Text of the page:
SOLOSUD Matera Hotel Review — Cave Cozy

SOLOSUD Matera Hotel Review — Historic Detailing With Care -- a "cave cozy" boutique hotel in Matera's Sassi network of caves

Solosud and the adjoining house were originally by a central area and fountain in the Sassi. In the maze of paths that are the walkways of the Sassi, Solosud is relatively easy to find and just a few steps from MUSMA sculpture museum

The decorative lights that seize your attention as you enter your snug cave room at night? These are sifters for olives, chickpeas, lentils and such.

The bucket that is the sink? This was rescued from nearby town Specchia, and typical of the wash basins of Matera as well during the times captured in the historical record created by painter Dr. Carlo Levi’s Christ Stopped at Eboli and that you will also see today in Matera’s Peasant Museum.

The light fixture that looks like a long-handled vegetable sieve? Yes, it is a kitchen utensil for that purpose used in traditional cooking typical of Matera.

You find hotelier and Matera native Paola De Donno’s touch in every detail of Solosud—a cave hotel in the unique Sassi of Matera.

Each of the three guest apartments in Solosud are carved from the chalky caves of Matera. Paola—who had also considered becoming a retailer of crafts and goods from Greater Pulia (the region we think of as the heel in Italy’s boot)—has also peppered treasures from the coastal area among the restored artifacts of the peasant cave dwellers of Matera’s past.   You will find large vases and other ceramics from Enza Fasano’s showroom in Grottaglie and shower curtains made with classic fabrics from Calabria.

Paola’s mind seems to be ever at work to find even more touches to add using the help of locally discovered artisans. She found timber lying on the grass of a carpenter’s place that became the headboards for the rooms’ beds, after a carefully considered aging to give it the right weathered look. Small end tables—both wood and metal—are also locally made.

A light fixture fashioned from an antique cooking utensil
A sink made from typical peasant wash basins

Solosud Matera Hotel is an experience in "Cave Cozy"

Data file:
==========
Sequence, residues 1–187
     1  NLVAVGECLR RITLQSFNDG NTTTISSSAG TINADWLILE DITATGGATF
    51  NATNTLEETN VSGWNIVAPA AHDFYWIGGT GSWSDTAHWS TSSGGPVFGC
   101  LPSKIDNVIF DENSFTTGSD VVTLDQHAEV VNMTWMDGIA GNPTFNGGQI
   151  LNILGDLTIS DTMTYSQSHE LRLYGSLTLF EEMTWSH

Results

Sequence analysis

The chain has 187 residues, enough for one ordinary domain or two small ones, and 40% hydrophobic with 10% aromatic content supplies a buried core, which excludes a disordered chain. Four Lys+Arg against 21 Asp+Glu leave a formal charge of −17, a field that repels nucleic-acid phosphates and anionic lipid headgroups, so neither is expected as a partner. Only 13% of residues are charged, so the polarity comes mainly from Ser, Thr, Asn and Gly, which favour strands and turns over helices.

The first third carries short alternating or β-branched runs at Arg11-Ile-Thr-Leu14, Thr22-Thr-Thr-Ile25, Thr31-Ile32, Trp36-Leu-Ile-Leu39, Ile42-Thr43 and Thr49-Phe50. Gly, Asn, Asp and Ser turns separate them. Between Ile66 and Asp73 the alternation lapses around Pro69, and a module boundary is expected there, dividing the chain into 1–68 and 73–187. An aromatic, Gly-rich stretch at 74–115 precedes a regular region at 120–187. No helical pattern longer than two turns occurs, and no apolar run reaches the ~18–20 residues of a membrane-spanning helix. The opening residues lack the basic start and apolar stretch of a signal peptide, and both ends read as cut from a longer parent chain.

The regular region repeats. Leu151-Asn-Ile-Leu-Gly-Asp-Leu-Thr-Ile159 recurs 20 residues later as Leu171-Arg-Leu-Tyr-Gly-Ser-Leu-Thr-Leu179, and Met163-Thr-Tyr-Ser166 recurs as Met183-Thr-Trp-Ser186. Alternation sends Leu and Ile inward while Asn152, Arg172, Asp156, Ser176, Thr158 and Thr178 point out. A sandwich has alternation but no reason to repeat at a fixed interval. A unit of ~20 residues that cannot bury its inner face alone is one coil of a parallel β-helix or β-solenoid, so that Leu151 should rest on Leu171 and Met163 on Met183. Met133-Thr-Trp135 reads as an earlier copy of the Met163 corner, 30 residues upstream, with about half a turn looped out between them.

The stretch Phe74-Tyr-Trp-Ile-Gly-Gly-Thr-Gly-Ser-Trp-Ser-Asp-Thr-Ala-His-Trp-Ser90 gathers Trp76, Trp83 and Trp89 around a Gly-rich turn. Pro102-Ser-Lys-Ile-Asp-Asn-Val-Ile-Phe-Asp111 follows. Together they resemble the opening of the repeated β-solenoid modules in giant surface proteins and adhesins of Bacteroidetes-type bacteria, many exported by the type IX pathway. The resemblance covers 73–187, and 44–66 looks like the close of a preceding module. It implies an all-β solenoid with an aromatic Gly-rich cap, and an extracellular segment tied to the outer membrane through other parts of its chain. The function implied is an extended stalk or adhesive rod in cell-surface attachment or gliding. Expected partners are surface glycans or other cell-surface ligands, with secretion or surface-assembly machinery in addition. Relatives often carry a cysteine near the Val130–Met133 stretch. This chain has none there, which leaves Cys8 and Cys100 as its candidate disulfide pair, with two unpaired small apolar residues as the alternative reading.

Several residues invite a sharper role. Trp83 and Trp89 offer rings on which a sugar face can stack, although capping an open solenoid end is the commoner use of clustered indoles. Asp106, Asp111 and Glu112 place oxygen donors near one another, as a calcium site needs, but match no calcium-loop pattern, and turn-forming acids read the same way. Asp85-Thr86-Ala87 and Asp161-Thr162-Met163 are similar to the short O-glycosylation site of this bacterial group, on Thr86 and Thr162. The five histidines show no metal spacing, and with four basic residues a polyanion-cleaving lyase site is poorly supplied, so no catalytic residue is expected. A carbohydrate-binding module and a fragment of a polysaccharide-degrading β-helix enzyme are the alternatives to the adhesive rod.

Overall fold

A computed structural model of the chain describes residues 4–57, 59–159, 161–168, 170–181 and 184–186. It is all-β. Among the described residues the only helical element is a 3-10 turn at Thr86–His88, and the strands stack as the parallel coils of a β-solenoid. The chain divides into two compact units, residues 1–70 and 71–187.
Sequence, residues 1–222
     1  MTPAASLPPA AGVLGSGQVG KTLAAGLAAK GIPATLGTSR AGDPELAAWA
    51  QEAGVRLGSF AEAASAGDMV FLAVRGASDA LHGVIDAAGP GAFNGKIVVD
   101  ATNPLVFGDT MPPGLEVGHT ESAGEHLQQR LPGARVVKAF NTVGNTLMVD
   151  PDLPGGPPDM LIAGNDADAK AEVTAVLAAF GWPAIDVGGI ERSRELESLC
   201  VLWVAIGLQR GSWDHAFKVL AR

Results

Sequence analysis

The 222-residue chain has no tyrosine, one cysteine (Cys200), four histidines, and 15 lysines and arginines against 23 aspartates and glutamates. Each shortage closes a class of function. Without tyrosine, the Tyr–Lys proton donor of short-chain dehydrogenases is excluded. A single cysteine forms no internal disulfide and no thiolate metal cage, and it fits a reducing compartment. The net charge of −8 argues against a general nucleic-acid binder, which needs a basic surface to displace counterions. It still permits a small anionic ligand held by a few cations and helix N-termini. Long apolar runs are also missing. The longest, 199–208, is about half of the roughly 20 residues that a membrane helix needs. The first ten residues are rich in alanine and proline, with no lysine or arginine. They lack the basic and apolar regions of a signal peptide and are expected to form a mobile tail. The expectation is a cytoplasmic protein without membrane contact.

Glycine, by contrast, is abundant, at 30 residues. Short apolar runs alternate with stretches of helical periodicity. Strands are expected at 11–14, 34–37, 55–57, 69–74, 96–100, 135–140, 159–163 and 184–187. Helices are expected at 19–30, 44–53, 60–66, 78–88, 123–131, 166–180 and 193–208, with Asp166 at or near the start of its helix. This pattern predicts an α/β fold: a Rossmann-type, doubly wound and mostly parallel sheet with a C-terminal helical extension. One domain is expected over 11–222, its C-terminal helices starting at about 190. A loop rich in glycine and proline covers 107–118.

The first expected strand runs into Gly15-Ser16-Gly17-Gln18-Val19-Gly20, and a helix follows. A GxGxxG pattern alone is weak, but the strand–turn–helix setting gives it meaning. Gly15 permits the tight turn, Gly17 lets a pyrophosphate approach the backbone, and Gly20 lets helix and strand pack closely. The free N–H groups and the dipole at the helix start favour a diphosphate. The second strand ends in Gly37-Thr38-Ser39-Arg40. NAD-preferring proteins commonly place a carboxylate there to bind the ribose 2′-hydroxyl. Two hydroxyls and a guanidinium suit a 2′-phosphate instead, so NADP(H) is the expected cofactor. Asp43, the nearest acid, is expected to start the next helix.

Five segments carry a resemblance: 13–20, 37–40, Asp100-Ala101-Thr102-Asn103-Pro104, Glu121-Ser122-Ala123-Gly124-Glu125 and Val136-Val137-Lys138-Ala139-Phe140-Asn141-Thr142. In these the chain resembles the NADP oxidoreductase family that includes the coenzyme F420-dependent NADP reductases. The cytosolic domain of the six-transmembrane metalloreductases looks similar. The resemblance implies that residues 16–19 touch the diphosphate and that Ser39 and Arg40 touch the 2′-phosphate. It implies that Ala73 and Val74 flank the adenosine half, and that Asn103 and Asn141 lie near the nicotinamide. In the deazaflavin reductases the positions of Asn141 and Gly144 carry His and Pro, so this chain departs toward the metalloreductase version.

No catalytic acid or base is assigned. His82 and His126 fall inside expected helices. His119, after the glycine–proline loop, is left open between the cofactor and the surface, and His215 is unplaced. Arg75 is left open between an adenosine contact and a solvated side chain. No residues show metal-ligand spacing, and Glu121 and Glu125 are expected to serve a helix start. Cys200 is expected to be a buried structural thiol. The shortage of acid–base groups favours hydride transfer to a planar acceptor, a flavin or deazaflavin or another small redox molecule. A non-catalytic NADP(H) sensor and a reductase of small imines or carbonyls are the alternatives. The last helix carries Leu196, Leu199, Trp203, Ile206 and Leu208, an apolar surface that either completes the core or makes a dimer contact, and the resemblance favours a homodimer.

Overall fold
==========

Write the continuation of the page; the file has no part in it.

Solosud is perhaps one of the best examples of Sasso hotels and restaurants carving out—literally and figuratively—a new style of chic décor that could be dubbed “cave cozy”.

Talking to Paola over one of the plush breakfast spreads filled with 0 km goodies she puts out every day, we learned how Paola’s prior experience in the hospitality industry has shaped this “cave cozy” experience for her guests.   She grew up in Matera, the child of an agronomist who had moved to the area to help the local farmers. In the 70’s her parents decided that they wanted to live in the Sassi proper, and they obtained a house in 1997 that her mother lives in to this day.  Years ago Paola and her brother bought what would become their shared house, then consisting of only three upstairs rooms.  Over the years the other rooms were acquired including those that are now Solosud.  The upper house was completed shortly before 2000 while the downstairs apartment in 2016.

The three cave rooms of Solosud at one time had housed ten people.  Years ago, it was likely inconceivable that the blackened walls of the primitive caves would one day be adorned in elegant boutique hotel style.

In the years before her return to Matera in 2010, Paola  was living another life either on cruise ships, luxury sail boats in and out of regattas, or in the Sydney suburb where she lived for more than a decade. If you conjure the plush greenery of Sydney surrounds in your mind’s eye, as Paola often does, to contrast it with the almost moonscape grotto mountain that is Matera’s Sassi, you realize she has come quite a long way, in all senses. It was her parents’ aging and her need to be near them that first returned her to Matera. It also led Paola and her brother on a path to rebuilding the house and Solosud property in earnest. He had the challenge of being in South Africa during this time—where he still lives today.   She had the challenge of getting past the deeply ingrained sexism of old Southern Italian culture where the workmen she hired would simply ignore her until she reached her brother by phone such that he could convey her orders to them with the requisite patriarchal authority.

With 20-20 hindsight, we would have loved to accompany Paola on her rounds to Matera’s fresh markets and meet more of the Matera she knows so well—both the before and after. Next time…


For more information and to book a stay at Solosud visit the Solosud website.

Read more about similar adventures in Matera sponsored by the  Divertimento Group  STOP OVERTOURISM MOVEMENT and stay tuned to these pages for more about the Divertomento Group experiences of Italy.


In the morning, you have a sumptuous breakfast in Paola's home.

Paola De Donno in her kitchen
Photo courtesy of Solosud
Photo courtesy of Solosud
Photo courtesy of Solosud
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